When the Board is deciding on a planning appeal, the quorum for a meeting is 2.  So it is entirely feasible that a decision is taken by two people who, although undoubtedly highly qualified in their own fields, are not planners.  Planning applications made under the Strategic Infrastructure Act go directly to the Board.  The Strategic Infrastructure Division of the Board comprises the Chair of the Board, the deputy Chair and 3 ordinary members.  A quorum for a meeting of the Strategic Infrastructure Division is 3.  So it is entirely feasible that for these generally big projects which can often have a long-term, significant impact on the neighbourhoods for which they are proposed, a decision on determining whether they are proper planning and sustainable development, can be taken in the absence of a planner.

Of course all Board decisions are informed by a planning inspector who will have examined the planning proposal in detail but the Board is at liberty to overturn the recommendation of that planning inspector.  The most recent high profile overturning of an Senior Planning Inspector’s recommendation by the Board was in the granting of planning permission to the proposed incinerator at Ringaskiddy.  In this case, the decision was taken was taken by 7 members of the Board, only 2 of whom are planners or architects.  The other two planners on the Board were excluded from taking part in any meetings pertaining to the application or to the final decision-making.

The Board is required to implement government policy but each proposal must be evaluated and considered in the context of proper planning and sustainable development.  To do that, it is critical that Board members would have qualifications and experience in planning or at the very least, be capable of demonstrating long-standing experience and interest in the planning field.  This request has been made previously by the Royal Town Planning Institute of Ireland, I echo it now and I ask that all Members would support me in that.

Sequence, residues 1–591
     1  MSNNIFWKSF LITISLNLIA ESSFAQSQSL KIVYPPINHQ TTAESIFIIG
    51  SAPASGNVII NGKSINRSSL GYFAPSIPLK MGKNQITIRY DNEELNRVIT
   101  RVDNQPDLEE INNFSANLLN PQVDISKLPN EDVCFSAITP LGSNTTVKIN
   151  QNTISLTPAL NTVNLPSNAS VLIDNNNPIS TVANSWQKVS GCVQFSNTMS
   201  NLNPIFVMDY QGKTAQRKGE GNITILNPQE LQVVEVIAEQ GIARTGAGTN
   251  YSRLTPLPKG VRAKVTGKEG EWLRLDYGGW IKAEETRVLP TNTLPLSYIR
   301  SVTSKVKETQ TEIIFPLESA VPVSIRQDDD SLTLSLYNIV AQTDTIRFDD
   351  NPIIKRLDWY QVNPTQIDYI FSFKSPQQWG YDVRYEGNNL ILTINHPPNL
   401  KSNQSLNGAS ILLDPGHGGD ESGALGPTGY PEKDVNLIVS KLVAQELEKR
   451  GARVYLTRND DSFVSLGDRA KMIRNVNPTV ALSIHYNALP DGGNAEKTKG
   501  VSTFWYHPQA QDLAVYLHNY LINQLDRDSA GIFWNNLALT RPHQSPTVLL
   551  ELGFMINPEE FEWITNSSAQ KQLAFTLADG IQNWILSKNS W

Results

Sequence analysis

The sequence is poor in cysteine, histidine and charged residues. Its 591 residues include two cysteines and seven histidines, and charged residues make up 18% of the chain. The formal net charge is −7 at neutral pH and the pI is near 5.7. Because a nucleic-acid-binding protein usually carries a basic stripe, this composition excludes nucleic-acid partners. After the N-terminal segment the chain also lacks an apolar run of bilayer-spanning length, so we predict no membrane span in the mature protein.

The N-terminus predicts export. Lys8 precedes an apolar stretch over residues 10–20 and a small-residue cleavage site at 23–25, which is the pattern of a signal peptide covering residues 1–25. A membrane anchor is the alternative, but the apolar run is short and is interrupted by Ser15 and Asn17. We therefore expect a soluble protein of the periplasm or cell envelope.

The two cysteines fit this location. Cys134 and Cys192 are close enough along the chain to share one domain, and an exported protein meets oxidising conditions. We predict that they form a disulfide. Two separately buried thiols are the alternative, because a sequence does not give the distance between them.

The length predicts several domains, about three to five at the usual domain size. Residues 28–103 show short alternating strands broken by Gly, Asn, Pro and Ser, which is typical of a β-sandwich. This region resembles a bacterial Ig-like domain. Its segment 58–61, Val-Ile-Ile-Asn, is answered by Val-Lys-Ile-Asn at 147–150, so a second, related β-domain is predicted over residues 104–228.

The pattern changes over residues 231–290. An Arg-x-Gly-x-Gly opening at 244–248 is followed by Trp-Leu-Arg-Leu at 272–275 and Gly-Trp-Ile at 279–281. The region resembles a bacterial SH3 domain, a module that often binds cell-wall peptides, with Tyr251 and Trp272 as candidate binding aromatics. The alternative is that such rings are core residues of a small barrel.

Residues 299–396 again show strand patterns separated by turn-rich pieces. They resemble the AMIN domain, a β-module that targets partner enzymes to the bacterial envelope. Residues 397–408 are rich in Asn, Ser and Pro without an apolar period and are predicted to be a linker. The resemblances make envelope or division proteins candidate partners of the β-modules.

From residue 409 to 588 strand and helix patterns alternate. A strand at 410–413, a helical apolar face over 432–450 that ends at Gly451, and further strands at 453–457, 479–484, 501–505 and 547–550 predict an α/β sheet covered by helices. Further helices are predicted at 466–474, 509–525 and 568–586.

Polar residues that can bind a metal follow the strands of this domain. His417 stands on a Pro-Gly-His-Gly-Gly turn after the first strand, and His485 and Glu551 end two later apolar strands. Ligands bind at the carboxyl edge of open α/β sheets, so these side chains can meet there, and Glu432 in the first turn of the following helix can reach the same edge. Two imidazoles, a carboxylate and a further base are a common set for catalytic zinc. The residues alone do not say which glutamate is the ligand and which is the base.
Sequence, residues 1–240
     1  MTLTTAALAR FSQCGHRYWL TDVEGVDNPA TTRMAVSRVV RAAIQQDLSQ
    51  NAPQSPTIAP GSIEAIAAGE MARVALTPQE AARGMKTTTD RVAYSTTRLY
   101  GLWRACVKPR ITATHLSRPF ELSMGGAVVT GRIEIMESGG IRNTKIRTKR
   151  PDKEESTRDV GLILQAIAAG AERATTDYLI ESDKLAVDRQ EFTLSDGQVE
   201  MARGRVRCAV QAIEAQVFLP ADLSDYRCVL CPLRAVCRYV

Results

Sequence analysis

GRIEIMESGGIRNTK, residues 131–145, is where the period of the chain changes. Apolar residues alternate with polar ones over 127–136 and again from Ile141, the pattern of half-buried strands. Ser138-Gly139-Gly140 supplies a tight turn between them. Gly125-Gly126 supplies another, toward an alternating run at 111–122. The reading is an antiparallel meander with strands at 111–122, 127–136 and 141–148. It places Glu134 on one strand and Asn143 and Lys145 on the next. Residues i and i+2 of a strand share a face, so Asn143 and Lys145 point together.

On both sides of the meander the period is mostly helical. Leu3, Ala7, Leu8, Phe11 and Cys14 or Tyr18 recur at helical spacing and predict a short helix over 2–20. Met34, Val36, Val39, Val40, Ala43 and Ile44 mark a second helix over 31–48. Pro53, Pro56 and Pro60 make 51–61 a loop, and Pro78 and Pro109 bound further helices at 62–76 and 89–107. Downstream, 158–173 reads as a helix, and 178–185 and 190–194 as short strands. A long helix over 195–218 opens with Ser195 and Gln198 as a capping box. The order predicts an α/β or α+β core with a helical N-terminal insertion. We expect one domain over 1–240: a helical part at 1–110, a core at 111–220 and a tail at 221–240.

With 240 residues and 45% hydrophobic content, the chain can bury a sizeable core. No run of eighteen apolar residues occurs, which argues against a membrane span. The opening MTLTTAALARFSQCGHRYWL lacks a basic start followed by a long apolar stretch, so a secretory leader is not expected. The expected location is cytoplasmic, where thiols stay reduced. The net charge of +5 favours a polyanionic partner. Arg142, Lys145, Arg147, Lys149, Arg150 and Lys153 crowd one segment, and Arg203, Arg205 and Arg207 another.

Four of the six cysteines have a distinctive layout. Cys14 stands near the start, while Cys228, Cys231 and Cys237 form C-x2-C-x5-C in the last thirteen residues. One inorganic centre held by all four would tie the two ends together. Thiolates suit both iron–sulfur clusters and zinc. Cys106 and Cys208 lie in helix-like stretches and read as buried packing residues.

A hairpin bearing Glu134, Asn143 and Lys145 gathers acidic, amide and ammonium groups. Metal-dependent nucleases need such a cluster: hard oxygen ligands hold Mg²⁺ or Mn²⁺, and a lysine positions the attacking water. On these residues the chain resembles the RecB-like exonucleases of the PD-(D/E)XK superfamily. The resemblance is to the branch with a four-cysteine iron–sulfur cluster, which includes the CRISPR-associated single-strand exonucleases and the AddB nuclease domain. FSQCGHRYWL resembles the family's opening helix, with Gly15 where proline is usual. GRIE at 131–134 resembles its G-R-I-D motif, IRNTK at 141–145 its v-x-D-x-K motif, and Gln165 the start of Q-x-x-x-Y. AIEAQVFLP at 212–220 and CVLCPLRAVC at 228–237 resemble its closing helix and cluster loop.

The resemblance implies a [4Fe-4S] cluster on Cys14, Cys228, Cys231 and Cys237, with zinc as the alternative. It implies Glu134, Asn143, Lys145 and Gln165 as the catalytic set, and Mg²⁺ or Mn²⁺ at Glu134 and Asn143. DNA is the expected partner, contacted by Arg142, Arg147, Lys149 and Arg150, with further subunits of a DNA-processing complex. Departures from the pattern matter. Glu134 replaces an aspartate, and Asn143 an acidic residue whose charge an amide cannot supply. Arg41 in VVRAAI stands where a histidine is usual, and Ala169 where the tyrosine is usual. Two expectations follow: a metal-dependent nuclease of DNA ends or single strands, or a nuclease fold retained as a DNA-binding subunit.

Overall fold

That Cork County Council would initiate a paint reuse scheme in each of its 11 Civic Amenity Sites.  The aim of the scheme would be to offer good quality reusable paint to community groups, charities and others while reducing the volume and cost of waste for disposal.



We don’t know precisely how much paint goes to waste in Ireland each year. 


What we do know is that research in the UK has found that the average household has 17 part used paint tins stored in cupboards, garden sheds and garages. 


We know that one litre of improperly disposed paint has the ability to pollute up to 250,000 litres of water.


And we also know that although many paints are now water-based, all paints are regarded as hazardous and sent for treatment by the same process.  This is the case even though most paints collected at civic amenity sites are not hazardous at all.